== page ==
She lives in Ellicott City, Maryland, with her husband and three vocal Siamese cats.

Find her online at:

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Changing History for Memories of Magic

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My entire series is set in an alternate world where magic is real, but the changes I made to accommodate that magic have only played a minimal part up to this point in the books. In Memories of Magic, alternate history has a starring role.

In this book, my main characters are both historians. Olivia is an archaeologist, preferring the hands-on and strictly scientific aspects of discovering the past. Savit is an anthropologist, looking beyond the facts of what was found where and when it was used, to the cultures and people that created the artifacts.

I’ll post another blog closer to the book’s release about the history of anthropology, and where Savit fits in the evolution of the subject, but within the context of Memories, Olivia and Savit are at odds over the scientific rigor of anthropology. Olivia calls it “informed fiction” and Savit thinks of it as giving a narrative to her data.

But now Olivia is actually seeing the story–having visions of the past. And of course, Etta wants to make use of that gift to find out more about the spell draining English magic.

I’ve chosen 1688 as the origin of the drain, and Olivia and Savit quickly learn that it is ancient magic, known as the Aegis Spell. The reason for it to be cast in 1688 is an event known as the Glorious Revolution.

In the real world, the Glorious Revolution came about because James II opposed many of the things that his Parliament wanted. With some exceptions, he wanted more religious tolerance and more power in the hands of the monarch. But the big issue that would eventually see him overthrown was his conversion to Catholicism and the birth of a Catholic male heir.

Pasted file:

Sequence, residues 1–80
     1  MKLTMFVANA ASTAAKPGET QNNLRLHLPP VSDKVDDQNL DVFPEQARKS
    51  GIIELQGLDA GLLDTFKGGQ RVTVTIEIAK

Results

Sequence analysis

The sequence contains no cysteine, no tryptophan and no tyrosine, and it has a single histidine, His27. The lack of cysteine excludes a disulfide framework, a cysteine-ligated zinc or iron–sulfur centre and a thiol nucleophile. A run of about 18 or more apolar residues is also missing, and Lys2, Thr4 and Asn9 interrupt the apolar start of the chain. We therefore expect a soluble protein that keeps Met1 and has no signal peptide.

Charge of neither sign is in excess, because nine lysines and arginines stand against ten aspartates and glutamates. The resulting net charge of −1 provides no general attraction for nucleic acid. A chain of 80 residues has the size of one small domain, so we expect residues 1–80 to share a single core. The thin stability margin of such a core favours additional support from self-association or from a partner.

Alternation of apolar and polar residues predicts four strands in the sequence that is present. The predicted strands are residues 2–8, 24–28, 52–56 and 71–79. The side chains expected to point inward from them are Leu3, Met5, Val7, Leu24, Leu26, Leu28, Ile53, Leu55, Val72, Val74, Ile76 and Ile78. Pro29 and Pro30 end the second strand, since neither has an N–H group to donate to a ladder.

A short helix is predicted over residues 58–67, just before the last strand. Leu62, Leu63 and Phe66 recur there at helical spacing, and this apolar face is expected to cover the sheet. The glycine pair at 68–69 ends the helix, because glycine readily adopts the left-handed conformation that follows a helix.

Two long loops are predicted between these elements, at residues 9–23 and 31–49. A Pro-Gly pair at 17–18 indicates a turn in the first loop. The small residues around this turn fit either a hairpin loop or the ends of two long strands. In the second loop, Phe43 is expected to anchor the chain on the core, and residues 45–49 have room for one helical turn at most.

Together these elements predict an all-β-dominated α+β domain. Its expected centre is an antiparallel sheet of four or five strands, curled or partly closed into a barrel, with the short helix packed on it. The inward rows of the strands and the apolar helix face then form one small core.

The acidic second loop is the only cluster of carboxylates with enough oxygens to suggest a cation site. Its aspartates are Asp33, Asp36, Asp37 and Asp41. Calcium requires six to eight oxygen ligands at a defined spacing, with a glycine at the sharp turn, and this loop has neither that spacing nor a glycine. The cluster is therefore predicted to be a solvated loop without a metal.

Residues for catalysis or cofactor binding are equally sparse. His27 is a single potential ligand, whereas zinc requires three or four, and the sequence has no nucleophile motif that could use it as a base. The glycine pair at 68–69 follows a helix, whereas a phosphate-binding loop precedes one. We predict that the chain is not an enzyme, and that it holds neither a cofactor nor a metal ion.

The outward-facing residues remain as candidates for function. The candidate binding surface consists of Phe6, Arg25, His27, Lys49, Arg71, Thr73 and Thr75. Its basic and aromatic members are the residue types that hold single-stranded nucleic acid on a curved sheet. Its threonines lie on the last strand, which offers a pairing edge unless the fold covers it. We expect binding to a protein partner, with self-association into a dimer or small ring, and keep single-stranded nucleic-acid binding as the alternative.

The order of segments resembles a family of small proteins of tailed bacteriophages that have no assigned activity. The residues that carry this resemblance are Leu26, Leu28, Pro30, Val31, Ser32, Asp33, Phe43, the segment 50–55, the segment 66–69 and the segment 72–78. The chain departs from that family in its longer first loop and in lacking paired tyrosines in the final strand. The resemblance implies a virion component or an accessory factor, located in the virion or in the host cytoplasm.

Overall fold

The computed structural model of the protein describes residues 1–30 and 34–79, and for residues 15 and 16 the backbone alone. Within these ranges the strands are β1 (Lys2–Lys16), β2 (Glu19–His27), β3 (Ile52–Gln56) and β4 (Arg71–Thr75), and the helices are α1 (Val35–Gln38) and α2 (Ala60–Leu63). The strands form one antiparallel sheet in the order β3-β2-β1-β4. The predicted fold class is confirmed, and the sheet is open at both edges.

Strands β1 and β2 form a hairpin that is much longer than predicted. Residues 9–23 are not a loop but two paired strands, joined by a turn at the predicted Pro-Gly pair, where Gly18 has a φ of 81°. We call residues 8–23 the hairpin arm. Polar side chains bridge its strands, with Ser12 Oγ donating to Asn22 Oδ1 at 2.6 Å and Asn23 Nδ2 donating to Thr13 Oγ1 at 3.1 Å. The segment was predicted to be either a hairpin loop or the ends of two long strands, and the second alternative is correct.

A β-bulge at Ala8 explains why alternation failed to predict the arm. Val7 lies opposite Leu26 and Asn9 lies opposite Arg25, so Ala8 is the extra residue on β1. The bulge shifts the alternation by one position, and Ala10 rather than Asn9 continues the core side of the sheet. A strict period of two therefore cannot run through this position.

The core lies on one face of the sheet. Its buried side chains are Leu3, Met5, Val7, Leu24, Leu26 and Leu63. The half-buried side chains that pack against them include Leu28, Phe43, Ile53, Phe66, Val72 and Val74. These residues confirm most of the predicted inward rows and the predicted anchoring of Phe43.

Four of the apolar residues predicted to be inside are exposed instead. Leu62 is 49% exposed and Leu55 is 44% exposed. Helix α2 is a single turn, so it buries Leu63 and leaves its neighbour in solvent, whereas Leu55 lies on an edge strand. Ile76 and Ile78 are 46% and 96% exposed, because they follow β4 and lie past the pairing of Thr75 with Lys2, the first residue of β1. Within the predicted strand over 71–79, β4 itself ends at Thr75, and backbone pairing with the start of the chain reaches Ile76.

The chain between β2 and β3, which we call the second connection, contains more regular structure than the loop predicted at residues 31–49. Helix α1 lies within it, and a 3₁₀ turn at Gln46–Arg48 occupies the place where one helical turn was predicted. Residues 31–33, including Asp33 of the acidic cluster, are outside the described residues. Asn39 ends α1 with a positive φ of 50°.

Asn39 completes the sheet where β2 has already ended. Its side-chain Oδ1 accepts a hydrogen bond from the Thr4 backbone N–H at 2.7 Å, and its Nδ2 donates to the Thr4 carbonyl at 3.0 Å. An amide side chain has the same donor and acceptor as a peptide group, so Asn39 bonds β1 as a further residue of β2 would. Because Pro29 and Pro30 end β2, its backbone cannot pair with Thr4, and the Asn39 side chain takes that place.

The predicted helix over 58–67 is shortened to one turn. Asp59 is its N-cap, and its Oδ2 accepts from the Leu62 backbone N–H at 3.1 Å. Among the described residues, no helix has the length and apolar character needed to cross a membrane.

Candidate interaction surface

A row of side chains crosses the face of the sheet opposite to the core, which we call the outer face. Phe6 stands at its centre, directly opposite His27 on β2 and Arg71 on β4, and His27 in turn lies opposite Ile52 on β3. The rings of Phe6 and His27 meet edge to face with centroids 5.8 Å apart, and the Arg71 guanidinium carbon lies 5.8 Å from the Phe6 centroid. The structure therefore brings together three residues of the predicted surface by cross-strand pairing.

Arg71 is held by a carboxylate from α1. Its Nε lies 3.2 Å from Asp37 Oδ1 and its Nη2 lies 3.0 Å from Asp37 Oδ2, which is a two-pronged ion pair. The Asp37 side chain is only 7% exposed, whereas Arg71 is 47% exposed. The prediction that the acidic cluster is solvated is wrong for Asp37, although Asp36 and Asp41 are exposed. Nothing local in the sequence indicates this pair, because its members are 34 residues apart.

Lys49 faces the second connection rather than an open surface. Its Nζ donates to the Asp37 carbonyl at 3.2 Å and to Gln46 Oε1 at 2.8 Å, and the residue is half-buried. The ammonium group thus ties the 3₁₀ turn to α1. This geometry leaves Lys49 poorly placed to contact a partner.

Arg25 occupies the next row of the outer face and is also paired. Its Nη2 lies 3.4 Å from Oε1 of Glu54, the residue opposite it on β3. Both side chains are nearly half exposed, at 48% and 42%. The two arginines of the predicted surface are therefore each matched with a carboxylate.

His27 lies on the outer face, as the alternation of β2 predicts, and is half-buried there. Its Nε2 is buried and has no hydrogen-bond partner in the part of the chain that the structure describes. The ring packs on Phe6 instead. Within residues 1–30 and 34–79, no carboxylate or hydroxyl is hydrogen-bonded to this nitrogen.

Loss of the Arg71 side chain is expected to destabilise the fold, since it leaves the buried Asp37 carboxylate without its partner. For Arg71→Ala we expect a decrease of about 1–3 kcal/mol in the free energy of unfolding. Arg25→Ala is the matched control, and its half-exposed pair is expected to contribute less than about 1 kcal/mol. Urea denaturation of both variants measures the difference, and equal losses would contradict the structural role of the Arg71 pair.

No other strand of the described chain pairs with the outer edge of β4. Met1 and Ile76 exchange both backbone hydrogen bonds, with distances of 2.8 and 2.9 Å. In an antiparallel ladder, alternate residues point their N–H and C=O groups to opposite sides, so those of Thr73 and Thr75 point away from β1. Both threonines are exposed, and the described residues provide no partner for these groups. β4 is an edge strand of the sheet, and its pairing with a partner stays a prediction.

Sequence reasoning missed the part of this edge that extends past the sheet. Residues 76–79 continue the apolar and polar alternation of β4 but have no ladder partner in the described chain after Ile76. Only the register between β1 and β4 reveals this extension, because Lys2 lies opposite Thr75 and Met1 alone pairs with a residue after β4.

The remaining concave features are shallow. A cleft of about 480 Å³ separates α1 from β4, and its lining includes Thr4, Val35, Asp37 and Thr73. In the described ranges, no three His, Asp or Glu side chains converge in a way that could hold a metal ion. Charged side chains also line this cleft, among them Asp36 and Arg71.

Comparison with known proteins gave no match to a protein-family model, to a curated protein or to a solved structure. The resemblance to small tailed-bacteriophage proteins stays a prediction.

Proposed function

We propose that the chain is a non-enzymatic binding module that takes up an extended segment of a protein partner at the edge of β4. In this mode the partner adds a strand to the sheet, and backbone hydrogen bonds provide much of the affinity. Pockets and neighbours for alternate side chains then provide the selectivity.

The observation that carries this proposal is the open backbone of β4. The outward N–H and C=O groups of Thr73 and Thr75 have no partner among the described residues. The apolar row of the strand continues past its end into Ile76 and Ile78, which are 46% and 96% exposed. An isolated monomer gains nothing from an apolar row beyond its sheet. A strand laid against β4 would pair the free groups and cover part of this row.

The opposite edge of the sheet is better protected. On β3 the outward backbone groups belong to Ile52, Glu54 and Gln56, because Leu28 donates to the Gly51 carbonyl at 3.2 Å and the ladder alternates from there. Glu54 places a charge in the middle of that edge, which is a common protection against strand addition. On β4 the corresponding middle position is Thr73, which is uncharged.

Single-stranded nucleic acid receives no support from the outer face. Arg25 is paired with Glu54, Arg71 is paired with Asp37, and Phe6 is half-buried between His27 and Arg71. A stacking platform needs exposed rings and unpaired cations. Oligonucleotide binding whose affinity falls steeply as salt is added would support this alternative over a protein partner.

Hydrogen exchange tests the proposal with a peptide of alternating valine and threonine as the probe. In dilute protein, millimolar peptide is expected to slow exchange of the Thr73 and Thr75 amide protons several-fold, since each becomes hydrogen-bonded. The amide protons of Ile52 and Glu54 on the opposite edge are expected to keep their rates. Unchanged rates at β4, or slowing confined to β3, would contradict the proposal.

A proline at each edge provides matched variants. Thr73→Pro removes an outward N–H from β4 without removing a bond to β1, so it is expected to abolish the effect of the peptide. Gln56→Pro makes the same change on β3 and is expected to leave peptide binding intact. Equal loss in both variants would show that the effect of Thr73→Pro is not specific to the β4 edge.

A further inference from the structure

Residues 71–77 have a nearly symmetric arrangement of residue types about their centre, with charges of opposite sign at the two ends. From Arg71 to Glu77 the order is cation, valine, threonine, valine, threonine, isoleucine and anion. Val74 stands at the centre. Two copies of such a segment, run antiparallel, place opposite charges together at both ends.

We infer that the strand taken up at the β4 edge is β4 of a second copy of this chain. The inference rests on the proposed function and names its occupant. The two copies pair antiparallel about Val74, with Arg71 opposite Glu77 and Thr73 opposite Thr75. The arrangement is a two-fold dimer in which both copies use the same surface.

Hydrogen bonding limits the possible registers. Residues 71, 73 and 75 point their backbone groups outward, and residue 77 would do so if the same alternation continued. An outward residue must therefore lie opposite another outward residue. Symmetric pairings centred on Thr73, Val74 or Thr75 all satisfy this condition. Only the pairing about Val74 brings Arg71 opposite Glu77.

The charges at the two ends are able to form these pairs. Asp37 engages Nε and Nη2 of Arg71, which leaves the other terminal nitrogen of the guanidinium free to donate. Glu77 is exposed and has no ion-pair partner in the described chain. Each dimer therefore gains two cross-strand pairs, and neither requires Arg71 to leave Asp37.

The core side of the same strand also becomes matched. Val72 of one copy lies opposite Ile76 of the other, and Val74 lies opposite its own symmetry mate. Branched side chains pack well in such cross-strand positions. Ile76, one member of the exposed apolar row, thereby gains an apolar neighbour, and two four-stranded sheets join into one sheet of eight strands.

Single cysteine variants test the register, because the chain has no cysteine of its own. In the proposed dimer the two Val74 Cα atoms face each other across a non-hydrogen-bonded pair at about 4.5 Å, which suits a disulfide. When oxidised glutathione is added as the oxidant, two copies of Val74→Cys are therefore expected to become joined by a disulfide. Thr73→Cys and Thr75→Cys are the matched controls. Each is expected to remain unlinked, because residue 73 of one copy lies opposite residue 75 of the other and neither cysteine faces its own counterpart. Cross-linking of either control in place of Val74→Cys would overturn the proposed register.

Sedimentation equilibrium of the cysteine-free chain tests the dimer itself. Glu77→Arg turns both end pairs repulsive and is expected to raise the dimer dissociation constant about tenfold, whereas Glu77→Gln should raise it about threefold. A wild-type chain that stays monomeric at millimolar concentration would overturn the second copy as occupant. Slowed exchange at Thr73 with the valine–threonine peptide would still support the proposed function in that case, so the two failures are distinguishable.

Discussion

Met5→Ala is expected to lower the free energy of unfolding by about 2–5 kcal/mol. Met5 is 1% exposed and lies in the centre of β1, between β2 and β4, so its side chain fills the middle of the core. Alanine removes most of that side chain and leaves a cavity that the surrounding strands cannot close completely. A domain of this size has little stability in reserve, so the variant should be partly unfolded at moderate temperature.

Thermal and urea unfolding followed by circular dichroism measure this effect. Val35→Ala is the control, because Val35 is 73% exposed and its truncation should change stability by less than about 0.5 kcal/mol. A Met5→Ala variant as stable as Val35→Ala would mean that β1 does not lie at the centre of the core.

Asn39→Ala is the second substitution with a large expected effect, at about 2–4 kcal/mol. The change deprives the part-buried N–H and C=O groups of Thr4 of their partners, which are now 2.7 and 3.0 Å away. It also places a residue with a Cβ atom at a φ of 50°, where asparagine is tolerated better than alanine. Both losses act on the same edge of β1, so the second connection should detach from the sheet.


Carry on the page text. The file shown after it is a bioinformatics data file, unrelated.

In my world, the politics are similar, but on magical lines (with their attendant deities) rather than religious. James II is for the Magisterium and chooses his Sorcerer accordingly. His daughters adhere to the Academe, but a son would not. So his eldest daughter Mary and his nephew William arrive from the Netherlands to seize power.

In the real world, there are some mild skirmishes, and James first flees, throwing the Great Seal of the Realm into the Thames. He is then captured by William’s forces. Eventually they allow him to escape to the Continent, and despite an attempt to regain the throne afterward, William and Mary had relatively few problems taking over. That is why it’s called the Glorious Revolution.

In my world, the events follow the same course, but the Great Seal is a magical artifact of kingship and not just a mundane seal. After its loss, William and Mary resort to a different magical recourse to legitimize their rule: the Aegis Spell.

The spell is still in place in 1897. But instead of taking English magic and channeling it through the monarch and then back into the land and people, the spell has been diverted elsewhere. Finding out where and when the change happened will take all of Olivia and Savit’s skills as researchers, and Olivia’s newfound talent of seeing into the past to discover secrets never committed to paper.

The problem? Olivia’s visions are dangerous, and none of the Fays can teach her how to control them. And while Savit has the knowledge needed to help her, his attraction to her gets in the way of his own magic.

Memories of Magic is coming soon!

A History of Irish Republicanism: Part Two, The World of the Fay of Skye

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In order to explain how things are the same, but different in my world, I need to go a bit farther back in time than the 19th century.